New Delhi, June 1 (IANS) Small amendments to law would solve no purpose and the justice delivery system of the country needs a complete reform, said Supreme Court judge Ranjan Gogoi on Friday.
"A tweak here and a tweak there in the law pacifying the agitated mood is short justice and then there are the harrowing round-round battles in the court.
"It is no secret that the justice delivery system is begging for a complete overhaul," Gogoi said at the launch of Nobel laureate Kailash Satyarthi's book "Every Child Matters".
Gogoi, one of the four senior-most judges of the top court after the Chief Justice, held a press meet in January with the other three on various issues, questioning the manner in which the CJI was allocating important and sensitive PILs.
Mentioning that Satyarthi has termed the rise in cases of sexual abuse of children a "national emergency", he said: "I cannot say if child sexual abuse has become any more rampant in the last few months than it earlier was because I believe if all cases of sexual abuse of children were to really get reported we would be in a mortifying shock.
"But at least the last few months have pressed us to see how urgent a need it is to have in place an effective deterrent regime."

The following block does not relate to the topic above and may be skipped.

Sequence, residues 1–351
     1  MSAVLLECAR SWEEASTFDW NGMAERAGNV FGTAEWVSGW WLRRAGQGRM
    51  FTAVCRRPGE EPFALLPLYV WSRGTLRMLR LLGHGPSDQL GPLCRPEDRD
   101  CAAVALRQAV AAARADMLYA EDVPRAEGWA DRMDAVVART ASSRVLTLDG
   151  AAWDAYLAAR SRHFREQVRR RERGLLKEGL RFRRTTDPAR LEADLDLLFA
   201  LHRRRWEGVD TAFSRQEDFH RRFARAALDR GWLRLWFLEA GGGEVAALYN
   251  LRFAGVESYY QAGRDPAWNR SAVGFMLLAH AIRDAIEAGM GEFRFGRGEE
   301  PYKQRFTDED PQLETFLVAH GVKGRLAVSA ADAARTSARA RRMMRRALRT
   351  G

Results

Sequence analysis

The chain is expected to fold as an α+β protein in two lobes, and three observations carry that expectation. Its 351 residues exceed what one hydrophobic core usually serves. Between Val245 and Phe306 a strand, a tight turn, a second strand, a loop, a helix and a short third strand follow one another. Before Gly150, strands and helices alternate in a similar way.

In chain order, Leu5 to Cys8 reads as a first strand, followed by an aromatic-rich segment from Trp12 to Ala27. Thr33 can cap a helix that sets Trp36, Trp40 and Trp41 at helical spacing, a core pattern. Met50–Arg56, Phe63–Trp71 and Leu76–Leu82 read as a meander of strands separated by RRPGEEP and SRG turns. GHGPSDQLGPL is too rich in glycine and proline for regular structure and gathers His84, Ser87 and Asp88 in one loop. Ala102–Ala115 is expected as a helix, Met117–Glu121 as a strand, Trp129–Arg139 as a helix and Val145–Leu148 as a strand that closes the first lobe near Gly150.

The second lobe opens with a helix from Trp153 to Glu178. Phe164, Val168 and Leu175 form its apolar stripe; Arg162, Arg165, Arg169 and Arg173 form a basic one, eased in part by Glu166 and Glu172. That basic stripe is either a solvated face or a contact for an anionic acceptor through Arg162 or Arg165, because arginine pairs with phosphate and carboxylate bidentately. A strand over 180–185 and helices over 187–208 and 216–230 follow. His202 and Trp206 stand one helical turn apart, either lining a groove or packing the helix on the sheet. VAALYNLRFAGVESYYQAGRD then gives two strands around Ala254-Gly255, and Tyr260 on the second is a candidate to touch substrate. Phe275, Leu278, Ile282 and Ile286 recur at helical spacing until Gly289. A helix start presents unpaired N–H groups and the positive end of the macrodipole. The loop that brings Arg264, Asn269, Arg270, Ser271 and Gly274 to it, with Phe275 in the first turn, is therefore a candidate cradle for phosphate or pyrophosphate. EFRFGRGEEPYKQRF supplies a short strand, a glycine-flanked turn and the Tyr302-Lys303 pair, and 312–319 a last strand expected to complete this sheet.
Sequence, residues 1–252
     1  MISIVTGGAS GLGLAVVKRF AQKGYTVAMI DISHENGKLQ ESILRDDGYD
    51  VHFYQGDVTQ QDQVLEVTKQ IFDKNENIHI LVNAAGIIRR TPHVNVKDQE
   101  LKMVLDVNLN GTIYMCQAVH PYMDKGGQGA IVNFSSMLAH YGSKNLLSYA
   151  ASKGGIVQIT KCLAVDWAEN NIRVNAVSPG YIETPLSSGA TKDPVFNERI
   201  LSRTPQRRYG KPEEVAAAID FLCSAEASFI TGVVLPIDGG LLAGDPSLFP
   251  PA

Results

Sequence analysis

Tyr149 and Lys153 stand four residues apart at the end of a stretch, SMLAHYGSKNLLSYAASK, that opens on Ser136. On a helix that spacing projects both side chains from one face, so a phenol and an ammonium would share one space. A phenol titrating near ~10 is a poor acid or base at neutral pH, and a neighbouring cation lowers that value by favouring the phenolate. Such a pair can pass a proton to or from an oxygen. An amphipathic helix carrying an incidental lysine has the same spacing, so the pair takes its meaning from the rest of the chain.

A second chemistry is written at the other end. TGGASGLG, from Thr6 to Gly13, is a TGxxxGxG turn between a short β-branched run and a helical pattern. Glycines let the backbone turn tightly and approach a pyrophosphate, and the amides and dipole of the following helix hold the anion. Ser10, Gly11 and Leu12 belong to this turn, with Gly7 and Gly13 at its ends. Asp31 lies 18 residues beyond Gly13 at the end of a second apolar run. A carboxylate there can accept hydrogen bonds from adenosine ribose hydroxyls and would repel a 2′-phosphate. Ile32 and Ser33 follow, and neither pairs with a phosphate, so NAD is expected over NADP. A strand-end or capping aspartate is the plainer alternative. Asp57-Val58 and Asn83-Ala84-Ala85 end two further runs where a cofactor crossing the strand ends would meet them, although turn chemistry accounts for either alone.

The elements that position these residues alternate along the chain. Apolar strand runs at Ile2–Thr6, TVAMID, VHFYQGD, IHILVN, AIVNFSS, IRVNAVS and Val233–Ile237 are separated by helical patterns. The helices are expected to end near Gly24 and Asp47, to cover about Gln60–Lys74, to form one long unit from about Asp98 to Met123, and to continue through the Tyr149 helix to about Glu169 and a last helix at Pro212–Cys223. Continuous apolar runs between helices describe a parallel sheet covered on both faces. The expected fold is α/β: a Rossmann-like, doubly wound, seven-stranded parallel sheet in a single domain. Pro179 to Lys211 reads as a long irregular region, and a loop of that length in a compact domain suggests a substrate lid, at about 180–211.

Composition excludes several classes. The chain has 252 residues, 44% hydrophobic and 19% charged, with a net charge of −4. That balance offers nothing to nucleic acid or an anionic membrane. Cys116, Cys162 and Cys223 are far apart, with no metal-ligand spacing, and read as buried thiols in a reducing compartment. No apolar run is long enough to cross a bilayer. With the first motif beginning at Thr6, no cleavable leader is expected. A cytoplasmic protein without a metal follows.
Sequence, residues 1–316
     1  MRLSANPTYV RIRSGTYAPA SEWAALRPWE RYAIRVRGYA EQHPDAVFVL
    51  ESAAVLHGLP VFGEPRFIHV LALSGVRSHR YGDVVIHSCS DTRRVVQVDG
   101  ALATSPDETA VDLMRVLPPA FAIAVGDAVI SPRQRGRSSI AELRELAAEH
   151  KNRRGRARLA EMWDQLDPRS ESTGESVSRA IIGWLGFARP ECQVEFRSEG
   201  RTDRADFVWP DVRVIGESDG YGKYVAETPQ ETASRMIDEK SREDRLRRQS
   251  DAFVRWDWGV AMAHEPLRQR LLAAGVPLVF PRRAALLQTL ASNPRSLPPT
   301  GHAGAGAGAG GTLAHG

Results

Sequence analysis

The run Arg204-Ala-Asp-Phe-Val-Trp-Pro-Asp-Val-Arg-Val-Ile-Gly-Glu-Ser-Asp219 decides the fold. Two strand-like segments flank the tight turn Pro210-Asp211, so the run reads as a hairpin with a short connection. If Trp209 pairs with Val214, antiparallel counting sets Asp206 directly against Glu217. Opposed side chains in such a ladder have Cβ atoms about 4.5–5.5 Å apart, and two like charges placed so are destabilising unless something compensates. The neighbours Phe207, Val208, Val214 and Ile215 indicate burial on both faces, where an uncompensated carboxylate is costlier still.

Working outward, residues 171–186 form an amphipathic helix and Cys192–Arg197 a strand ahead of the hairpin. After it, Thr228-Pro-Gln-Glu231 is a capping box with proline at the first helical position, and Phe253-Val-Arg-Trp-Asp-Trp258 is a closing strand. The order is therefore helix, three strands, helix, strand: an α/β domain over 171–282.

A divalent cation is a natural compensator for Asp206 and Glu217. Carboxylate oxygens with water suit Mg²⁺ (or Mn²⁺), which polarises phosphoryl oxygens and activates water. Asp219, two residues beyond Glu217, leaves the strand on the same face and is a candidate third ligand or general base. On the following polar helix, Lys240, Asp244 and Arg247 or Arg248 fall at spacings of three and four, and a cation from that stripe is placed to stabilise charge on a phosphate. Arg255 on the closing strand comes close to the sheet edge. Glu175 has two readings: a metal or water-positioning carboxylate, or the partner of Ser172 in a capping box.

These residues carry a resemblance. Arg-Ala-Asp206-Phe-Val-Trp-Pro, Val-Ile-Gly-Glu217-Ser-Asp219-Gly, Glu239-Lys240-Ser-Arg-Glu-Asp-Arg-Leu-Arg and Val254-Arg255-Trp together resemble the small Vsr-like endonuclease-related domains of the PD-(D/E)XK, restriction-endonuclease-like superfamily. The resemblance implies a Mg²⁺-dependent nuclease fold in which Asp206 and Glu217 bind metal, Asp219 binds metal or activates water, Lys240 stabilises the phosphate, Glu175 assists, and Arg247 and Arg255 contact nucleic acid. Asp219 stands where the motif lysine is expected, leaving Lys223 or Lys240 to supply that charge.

Highlighting a recent report titled "The children cannot wait", Gogoi said the report forecasts that some cases of Protection of Children from Sexual Offences Act may take even up to 100 years to be disposed off unlike what Satyarthi believed -- that it takes about 50 years.
On the amendment in Child Labour Act in 2016, which Satyarthi called a good law that was brought about after 30 years of struggle, Gogoi said he had a different opinion.
"The 2016 amendment is a mirage and that is to say the least. The idea of the amendment was to make the child labour law more stringent so as to realise the mandate of the right of children to free and compulsory education... The law was inadequate to begin with, today it is inimical," he said.
As for the reforms till date, he said: "Assuming today is the day of judgement, I don't think we can say 'We have done well'. Too little has come and it has come too late. This has to do with the general indifference about the importance of children as a class of citizens."
And, on the complete overhaul, he said "when this revolution in the justice delivery system will come is anybody's guess. I do not have an answer".
(This story was auto-published from a syndicated feed. No part of the story has been edited by The Quint.)